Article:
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Tennis balls (aka coconut & cacao balls)

snacks, sweets | October 8, 2015 | By

My name is Lisa and I own a Thermomix. There, I said it. 

These energy-dense balls have been part of my repertoire since the very early days of owning my machine and they have recently found an appreciative audience amongst the lovely group of women I play tennis with on Thursday mornings. They are the perfect healthy post-exercise snack, quick to rustle up in the early morning when I don’t really feel like putting the oven on, and easily transported.

There are hundreds of similar recipes to be found on the net. I wrote this one with mums in mind as, unlike many others. they contain no nuts, just lots of seeds, so are safe for lunch boxes. To get a nice smooth texture you will need a high speed blender of some description, otherwise they will be rather gritty, because of all those seeds.

I sometimes roll them in more cacao, but the oil from the seeds quickly darkens it, so if you’re serving these a while after preparing them then I’d stick to the coconut coating. And as with all my recipes, modify it to suit your tastebuds or store cupboard. If you don’t have (or like) one particular type of seed then add more of one of the others. If you don’t have cacao, use cocoa. If you don’t have maple syrup, use honey. If you don’t have any seeds at all, make something else.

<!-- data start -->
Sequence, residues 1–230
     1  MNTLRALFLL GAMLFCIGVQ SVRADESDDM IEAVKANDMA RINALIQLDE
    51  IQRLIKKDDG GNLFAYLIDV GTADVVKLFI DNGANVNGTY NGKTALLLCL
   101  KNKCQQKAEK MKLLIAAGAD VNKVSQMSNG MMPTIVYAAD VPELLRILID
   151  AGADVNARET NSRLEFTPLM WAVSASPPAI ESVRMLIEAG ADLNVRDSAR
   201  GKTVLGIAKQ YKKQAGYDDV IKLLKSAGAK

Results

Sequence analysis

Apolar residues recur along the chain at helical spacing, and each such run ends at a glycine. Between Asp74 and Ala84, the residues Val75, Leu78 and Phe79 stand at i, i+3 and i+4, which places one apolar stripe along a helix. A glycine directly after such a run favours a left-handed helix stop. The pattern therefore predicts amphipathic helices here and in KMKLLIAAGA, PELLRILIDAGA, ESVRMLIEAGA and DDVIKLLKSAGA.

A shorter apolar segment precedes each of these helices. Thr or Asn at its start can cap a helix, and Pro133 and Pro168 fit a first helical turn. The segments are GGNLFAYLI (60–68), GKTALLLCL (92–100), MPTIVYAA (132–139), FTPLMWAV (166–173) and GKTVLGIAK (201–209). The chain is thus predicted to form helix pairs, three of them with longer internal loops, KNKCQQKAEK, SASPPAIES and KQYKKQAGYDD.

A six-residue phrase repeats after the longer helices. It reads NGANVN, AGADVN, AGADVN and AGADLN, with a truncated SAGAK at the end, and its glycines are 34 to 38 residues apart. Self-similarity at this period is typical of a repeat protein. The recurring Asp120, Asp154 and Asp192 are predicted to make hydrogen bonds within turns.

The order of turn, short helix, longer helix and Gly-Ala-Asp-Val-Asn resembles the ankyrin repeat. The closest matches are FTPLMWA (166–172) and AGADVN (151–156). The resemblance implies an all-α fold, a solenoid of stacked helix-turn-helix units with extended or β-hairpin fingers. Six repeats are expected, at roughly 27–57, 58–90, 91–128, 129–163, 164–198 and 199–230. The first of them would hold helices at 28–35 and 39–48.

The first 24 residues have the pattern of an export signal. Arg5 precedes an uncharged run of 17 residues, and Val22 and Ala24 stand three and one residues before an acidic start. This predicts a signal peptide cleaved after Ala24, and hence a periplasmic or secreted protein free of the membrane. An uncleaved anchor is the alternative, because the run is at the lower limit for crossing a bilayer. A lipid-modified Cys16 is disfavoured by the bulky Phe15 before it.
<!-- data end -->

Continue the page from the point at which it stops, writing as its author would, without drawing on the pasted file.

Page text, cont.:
Coconut & cacao balls
  1. 2 tbsp flax seeds
  2. 2 tbsp chia seeds
  3. 2 tbsp sesame seeds
  4. 2 tbsp pumpkin seeds
  5. 2 tbsp sunflower seeds
  6. 1/4 cup (4 tbsp) dried, unsweetened coconut flakes
  7. 2-3 tbsp cacao (depending how chocolatey you like them)
  8. 6 medjool dates, stones removed
  9. 1 tbsp maple syrup
  10. to roll : desiccated coconut
  1. Place all the seeds and coconut in your high speed blender and blend until fine.
  2. Add the cacao and dates and maple syrup and blend until the mixture is fine and even (it will look crumbly).
  3. Roll spoonfuls of the mixture into balls - smaller or larger as you wish.
  4. Roll them in desiccated coconut.
  5. Store in the fridge for up to 2 weeks (a complete guess as mine never last that long!).
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cakes, snacks, sweets | August 27, 2015 | By

Flapjacks are a staple of school life in the UK. At least they were when I was a child. They have now probably been overtaken by trendy pre-wrapped granola and raw bars (who am I kidding?!). But when I was a child, flapjacks were the absolute pinnacle of quality homemade goodies that could be found tucked in a lunchbox.

When I was at secondary school I remember the music teacher making flapjacks for the teachers’ coffee break every day for about 2 years to fund the purchase of a new grand piano for the school. Dedication to the cause indeed. And when I was at medical school, triangle shaped flapjacks featured regularly as a post- Dissection Room snack. I kid you not. But I think I’d better leave that particular conversation there….